What Is Continuity Psychology?
Personal identity, according to John Locke (1632-1704), is related to the survival of our awareness or consciousness after we die. Locke believed that a person's identity is a matter of psychological continuity. His theory was that our sense of self or identity has nothing to do with the body or soul but is only based on memory and awareness.
For centuries, humans have been trying to answer the question of whether there is life after death. Some say that our consciousness can transfer from one body to another, with our identity going along with it. Others say that when we die, we are gone, and our awareness and consciousness go as well. So, what does all this have to do with continuity psychology? Well, read on, and you may begin to understand.
Switching Brains And Consciousness
What would happen if someone took your brain and put it into another person's body? Would you still be you but just in another body? Would your memories and sense of self (consciousness and awareness) now be in this new body? If so, where do the memories and sense of self of the new body's previous brain go? Would they be lost forever if they were not put into another body, or would they just continue indefinitely, without being bound to this earth by a body that would soon be useless? What if they put this other person's brain in your old body?
Would you both remember that you used to have a different body? Or maybe your old body still holds onto your consciousness, and it stays with you to be transferred into this new brain. So, who would you be? The person who has your new brain and old body, or would you be the old brain with the new body? Wow, that is a lot to think about, isn't it?
Continuity Psychology Definition
According to psychology experts, continuity in psychology refers to the ability to continue on the same way continuously indefinitely. Gestalt Theory speaks of vision and creating continuous patterns that are connected to objects uninterrupted, forever. Locke's memory theory of your memory being your consciousness is similar to Gestalt's theory.
However, Thomas Reid (1710-1796) disagreed with these theories, using his memory as an example. He stated that he could not remember everything he had ever done in his lifetime, so how could your memory be your consciousness? How could that be if we have forgotten things in our lives?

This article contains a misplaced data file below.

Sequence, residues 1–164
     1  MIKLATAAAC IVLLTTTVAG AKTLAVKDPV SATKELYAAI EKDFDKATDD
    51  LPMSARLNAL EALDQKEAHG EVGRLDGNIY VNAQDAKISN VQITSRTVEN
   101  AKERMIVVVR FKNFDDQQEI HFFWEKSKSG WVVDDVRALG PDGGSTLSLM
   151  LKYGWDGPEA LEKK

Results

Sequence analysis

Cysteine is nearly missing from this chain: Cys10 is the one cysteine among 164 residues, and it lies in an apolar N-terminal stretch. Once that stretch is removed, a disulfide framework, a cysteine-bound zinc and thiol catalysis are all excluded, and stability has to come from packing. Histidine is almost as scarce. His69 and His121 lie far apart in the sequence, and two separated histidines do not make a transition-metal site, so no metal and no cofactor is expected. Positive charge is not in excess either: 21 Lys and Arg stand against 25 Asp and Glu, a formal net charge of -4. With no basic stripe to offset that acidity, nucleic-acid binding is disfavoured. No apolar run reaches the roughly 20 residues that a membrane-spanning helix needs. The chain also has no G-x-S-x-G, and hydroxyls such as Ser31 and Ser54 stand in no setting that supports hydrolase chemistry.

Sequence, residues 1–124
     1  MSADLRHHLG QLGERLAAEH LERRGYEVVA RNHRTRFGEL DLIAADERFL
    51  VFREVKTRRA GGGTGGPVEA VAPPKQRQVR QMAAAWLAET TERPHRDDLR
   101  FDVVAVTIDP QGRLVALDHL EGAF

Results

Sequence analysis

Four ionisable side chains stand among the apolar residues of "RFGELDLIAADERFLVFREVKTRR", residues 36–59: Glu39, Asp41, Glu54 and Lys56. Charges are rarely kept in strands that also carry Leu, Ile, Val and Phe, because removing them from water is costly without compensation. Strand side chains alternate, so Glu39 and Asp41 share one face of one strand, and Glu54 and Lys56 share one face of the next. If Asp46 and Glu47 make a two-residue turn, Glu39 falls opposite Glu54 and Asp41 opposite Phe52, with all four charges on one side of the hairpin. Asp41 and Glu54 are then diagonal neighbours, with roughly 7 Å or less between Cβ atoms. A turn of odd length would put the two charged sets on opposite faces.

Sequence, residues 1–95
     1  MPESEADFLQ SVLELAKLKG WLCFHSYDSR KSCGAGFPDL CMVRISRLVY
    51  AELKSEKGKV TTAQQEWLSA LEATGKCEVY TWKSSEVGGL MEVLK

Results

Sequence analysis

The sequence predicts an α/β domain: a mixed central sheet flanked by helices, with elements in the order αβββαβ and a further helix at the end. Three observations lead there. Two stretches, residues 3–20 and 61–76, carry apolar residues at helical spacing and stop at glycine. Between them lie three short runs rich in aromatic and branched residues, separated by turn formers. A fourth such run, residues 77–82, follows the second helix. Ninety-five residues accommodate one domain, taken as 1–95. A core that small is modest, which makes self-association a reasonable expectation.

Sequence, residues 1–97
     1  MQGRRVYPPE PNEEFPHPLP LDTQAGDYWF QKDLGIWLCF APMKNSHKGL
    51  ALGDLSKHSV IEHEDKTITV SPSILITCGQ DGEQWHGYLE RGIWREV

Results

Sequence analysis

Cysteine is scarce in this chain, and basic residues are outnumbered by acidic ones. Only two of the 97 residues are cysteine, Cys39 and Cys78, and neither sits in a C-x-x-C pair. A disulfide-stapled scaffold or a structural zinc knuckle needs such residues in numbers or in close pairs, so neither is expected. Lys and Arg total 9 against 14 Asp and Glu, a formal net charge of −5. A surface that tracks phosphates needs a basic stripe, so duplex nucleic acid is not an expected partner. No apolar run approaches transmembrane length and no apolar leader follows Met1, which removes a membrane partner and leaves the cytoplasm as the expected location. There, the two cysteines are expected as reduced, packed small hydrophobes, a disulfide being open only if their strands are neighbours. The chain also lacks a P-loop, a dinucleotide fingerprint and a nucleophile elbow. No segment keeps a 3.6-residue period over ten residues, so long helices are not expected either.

Continuity Psychology Examples
For example, if you could not remember that when you were a child you once got into a car accident and broke your arm, does that mean that you are not the same person as the little child who broke their arm years and years ago? Of course not. Therefore, Reid said it is impossible for memory to be "who we are" since we cannot possibly remember every single thing from our whole lifetime. If that were the case, who was that person who broke their arm as a child? Who are they now? Do they even exist? And if our consciousness is only our memories, what about other things such as character, desires, and beliefs? Do they not have anything to do with who we are?
Are Our Memories Our Own?
Reid also brought up another discrepancy with Locke's theory. What exactly is a memory? If you were to tell someone in detail about a memory you had of meeting the Pope when you were younger, so it is now a part of their memories, does that mean it is their memory? If they remember it and can tell it to someone else, it is now in their memory. However, is it their memory? The answer is not really, because memory is only personal if the person who has the memory is the one who experienced the events in the first place.
Continuity In Psychology